The Scientist

» addiction and cell & molecular biology

Most Recent

image: Contributors

Contributors

By | December 1, 2013

Meet some of the people featured in the December 2013 issue of The Scientist.

0 Comments

image: Intracellular Spirals

Intracellular Spirals

By | December 1, 2013

Membrane twists connect stacked endoplasmic reticulum sheets.

0 Comments

image: Organelle Architecture

Organelle Architecture

By | December 1, 2013

There’s beauty in a cell’s marriage of structure and function.

1 Comment

image: Proto-Organelles for Synthetic Cells

Proto-Organelles for Synthetic Cells

By | December 1, 2013

Researchers construct lipid-encapsulated compartments within synthetic cells.

2 Comments

image: Speaking of Science

Speaking of Science

By | December 1, 2013

December 2013's selection of notable quotes

0 Comments

image: One Man's Trash...

One Man's Trash...

By | December 1, 2013

Scientists who dared to waste their time looking at the midbody, a remnant of cell division, have catapulted the organelle to new prominence.

2 Comments

image: Taking Shape

Taking Shape

By | December 1, 2013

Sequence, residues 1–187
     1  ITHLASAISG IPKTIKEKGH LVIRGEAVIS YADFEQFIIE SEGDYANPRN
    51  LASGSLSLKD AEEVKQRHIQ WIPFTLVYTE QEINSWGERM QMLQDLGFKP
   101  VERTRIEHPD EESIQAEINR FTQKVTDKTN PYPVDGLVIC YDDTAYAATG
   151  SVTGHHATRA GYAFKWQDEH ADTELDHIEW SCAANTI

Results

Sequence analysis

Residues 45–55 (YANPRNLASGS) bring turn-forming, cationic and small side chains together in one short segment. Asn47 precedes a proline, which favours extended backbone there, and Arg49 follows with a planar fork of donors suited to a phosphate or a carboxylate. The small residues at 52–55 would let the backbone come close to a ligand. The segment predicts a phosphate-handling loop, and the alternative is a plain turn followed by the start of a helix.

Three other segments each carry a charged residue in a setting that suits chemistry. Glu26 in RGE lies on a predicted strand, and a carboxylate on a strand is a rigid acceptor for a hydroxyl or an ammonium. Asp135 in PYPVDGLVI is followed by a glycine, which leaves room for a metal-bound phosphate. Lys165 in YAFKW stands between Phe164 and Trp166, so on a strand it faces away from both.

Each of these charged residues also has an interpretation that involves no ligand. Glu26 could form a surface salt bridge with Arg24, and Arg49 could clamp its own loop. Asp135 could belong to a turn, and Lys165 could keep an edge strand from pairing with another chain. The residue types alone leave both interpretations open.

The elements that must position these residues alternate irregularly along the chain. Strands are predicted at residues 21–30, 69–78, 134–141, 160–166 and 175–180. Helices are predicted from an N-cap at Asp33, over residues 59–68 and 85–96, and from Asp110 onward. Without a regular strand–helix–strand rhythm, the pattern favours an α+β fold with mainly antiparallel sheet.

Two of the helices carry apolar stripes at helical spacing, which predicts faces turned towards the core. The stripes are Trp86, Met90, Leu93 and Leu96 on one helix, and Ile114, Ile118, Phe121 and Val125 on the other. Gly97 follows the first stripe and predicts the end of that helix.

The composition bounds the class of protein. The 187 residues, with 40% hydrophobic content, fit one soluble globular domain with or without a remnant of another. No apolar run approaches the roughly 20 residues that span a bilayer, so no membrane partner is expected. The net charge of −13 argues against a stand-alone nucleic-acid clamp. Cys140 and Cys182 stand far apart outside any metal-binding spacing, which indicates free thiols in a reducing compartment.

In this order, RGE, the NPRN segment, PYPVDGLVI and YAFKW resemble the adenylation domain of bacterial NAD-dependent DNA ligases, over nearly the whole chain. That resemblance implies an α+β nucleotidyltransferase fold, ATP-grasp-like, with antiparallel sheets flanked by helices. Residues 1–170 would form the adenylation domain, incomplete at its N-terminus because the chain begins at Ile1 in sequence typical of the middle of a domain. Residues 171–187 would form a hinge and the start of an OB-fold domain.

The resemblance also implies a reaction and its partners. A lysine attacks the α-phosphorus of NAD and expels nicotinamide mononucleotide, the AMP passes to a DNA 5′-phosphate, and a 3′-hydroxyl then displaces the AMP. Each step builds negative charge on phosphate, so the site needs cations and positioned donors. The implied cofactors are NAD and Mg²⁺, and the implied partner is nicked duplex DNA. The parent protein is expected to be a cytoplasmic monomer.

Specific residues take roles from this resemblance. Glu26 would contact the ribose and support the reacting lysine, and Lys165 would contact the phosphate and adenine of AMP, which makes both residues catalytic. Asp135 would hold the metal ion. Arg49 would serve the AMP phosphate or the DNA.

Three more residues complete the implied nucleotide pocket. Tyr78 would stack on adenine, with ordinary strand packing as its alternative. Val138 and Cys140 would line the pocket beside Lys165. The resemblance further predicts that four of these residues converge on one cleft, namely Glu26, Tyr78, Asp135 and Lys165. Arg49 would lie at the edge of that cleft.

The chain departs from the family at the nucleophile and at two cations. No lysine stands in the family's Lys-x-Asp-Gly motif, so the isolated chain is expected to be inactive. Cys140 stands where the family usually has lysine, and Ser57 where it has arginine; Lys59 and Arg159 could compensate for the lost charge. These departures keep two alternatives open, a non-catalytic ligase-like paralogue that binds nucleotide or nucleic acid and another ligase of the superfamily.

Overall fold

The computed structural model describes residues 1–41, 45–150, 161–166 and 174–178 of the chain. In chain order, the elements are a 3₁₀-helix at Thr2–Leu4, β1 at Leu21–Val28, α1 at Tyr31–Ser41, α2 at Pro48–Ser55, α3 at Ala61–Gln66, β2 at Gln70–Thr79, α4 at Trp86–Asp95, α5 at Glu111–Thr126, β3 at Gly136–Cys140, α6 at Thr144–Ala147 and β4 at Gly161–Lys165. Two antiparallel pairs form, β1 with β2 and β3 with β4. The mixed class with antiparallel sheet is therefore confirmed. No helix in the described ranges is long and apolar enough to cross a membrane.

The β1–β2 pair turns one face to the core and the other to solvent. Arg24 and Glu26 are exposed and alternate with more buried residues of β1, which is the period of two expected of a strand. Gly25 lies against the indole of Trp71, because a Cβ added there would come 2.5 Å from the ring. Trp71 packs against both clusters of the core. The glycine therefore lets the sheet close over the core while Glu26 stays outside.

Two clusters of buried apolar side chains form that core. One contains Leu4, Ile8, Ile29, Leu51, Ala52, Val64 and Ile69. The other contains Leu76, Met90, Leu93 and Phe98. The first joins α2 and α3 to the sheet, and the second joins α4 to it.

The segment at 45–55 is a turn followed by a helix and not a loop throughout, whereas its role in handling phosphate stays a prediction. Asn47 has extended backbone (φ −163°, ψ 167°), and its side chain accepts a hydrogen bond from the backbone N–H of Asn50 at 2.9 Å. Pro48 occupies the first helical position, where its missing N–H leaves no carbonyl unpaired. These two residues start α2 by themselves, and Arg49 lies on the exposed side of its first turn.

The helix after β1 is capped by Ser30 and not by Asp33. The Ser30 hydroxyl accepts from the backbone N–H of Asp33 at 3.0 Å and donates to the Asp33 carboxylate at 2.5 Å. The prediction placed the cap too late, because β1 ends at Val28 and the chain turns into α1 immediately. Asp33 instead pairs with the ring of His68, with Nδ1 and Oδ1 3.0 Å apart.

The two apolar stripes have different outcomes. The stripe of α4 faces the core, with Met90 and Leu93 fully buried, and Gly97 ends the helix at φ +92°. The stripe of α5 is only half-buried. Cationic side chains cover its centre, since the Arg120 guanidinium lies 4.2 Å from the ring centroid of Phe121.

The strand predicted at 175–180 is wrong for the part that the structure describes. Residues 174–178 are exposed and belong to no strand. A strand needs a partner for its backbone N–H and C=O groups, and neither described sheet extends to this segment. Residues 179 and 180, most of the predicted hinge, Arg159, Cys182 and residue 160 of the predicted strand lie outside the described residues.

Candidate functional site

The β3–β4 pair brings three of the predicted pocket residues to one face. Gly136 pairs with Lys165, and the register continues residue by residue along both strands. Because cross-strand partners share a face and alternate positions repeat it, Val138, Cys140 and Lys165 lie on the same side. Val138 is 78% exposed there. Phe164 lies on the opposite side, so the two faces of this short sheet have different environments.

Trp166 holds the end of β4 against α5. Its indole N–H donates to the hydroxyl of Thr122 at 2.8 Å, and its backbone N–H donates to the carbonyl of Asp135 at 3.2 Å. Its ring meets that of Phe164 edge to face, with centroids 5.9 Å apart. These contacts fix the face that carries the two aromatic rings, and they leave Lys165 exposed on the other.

The causes of a cell’s three-dimensional structure remain a fundamental mystery of cell biology.

7 Comments

image: Top 10 Innovations 2013

Top 10 Innovations 2013

By | December 1, 2013

The Scientist’s annual competition uncovered a bonanza of interesting technologies that made their way onto the market and into labs this year.

1 Comment

image: Suppressing Drug-Seeking Behaviors

Suppressing Drug-Seeking Behaviors

By | November 24, 2013

Augmenting the action of a glutamate receptor in the brains of addicted rats helps prevent them from seeking cocaine during withdrawal, a study shows.

0 Comments

image: Week in Review: November 18–22

Week in Review: November 18–22

By | November 22, 2013

Chilly mice develop more tumors; gut bacteria aid cancer treatment; two Y chromosome genes sufficient for assisted reproduction; HIV’s “invisibility cloak”

0 Comments

Popular Now

  1. Male Fish Borrows Egg to Clone Itself
  2. How to Tell a Person’s “Brain Age”
  3. Life Science Funding Cuts Leaked
    The Nutshell Life Science Funding Cuts Leaked

    According to a document posted online less than a day before the release of the official 2018 budget proposal, the National Institutes of Health could face even deeper cuts than previously suggested by the Trump administration.

  4. Cooking Up Cancer?
    Notebook Cooking Up Cancer?

    Overcooked potatoes and burnt toast contain acrylamide, a potential carcinogen that researchers have struggled to reliably link to human cancers.

AAAS